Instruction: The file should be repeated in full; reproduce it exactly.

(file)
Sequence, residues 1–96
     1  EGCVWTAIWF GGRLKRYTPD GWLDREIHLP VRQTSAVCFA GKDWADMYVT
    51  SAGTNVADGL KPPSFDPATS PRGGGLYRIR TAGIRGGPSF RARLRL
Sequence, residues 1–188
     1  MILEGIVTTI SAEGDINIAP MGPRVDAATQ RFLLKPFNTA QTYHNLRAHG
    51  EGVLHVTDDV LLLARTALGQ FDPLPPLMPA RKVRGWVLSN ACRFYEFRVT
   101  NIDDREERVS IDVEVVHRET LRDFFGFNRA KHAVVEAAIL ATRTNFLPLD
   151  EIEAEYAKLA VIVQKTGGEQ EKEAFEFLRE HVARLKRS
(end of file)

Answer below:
Sequence, residues 1–96
     1  EGCVWTAIWF GGRLKRYTPD GWLDREIHLP VRQTSAVCFA GKDWADMYVT
    51  SAGTNVADGL KPPSFDPATS PRGGGLYRIR TAGIRGGPSF RARLRL
Sequence, residues 1–188
     1  MILEGIVTTI SAEGDINIAP MGPRVDAATQ RFLLKPFNTA QTYHNLRAHG
    51  EGVLHVTDDV LLLARTALGQ FDPLPPLMPA RKVRGWVLSN ACRFYEFRVT
   101  NIDDREERVS IDVEVVHRET LRDFFGFNRA KHAVVEAAIL ATRTNFLPLD
   151  EIEAEYAKLA VIVQKTGGEQ EKEAFEFLRE HVARLKRS